My Lords, is not one of the most extraordinary penalties that the National Health Service has had to suffer the very large sums that were paid or agreed to be paid in connection with the events at Alder Hey? While the parents were justifiably upset at the very insensitive treatment that they received, is not the endorsement of that kind of payment an endorsement of the view that bodies must be buried and that burial is not complete until they have all their parts, which is a form of animism that predates classical times?
My Lords, there are occasions during Questions in the House when one wants pause to reflect on exactly what was the thrust of the question. Of course, Hansard allows me that opportunity. I shall reflect on the matter and correspond with the noble Lord.
My Lords, does my noble friend agree that part of the increase in "compensation culture", as it has been called, is probably caused by the no-win-no-fee lawyers who, unfortunately, quite often tout for business? The Times today mentioned the fact that something like 60 per cent in some areas are false claims. Does my noble friend agree that people should be challenged and prosecuted as a punishment to deter others from making such false claims?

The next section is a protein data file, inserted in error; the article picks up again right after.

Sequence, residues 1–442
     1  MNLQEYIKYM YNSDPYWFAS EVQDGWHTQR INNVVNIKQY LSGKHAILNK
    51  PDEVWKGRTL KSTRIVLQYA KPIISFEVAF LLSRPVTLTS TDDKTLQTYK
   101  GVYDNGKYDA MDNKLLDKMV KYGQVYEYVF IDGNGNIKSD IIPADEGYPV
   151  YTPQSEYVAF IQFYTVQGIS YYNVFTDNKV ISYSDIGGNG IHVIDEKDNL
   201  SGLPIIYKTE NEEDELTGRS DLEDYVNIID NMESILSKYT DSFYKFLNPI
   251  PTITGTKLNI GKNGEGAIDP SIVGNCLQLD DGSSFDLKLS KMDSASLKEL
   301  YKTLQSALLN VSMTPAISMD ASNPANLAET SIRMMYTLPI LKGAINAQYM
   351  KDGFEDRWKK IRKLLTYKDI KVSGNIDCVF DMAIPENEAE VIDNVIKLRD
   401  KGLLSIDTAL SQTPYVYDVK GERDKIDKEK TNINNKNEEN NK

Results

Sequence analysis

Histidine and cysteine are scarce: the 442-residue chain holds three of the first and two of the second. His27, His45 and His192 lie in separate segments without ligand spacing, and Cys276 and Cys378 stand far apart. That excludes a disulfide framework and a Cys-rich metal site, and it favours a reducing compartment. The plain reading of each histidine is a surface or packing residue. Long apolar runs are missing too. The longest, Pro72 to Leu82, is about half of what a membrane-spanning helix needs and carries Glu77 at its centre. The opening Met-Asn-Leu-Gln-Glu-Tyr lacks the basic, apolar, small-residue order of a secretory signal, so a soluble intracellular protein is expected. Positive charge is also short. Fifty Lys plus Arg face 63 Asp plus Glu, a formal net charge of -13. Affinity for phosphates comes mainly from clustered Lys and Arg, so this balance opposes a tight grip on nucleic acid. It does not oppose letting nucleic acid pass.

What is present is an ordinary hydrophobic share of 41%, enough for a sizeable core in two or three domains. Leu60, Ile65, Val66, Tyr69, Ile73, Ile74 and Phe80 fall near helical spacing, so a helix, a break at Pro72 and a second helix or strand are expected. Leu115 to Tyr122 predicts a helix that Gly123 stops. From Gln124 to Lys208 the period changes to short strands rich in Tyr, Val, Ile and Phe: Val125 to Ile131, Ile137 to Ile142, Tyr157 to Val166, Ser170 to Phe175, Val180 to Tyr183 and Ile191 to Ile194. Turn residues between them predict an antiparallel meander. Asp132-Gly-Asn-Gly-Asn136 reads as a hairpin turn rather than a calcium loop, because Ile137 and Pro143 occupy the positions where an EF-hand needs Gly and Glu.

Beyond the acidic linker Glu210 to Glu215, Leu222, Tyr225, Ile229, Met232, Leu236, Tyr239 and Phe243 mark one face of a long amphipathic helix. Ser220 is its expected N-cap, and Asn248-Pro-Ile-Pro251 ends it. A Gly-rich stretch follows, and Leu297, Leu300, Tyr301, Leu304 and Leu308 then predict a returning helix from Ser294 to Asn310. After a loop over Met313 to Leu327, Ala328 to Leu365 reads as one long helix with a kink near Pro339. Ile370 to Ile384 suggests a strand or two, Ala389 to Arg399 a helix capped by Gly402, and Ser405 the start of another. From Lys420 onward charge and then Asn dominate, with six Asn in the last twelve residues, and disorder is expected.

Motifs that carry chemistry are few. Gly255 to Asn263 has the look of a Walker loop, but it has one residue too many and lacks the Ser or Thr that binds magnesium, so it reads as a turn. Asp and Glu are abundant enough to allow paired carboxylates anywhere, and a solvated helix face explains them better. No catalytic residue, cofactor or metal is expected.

My Lords, undoubtedly fraud should be prosecuted, and people who make fraudulent claims should be aware of the risks to which they expose themselves. Having said that, it would be wrong to perceive that conditional fee agreements, which were I believe introduced in 1995 and developed in 2000, have been other than a considerable success in broad terms in allowing people to bring to justice cases which they otherwise would not have done. That has also deterred frivolous claims by increasing the risk of making frivolous claims.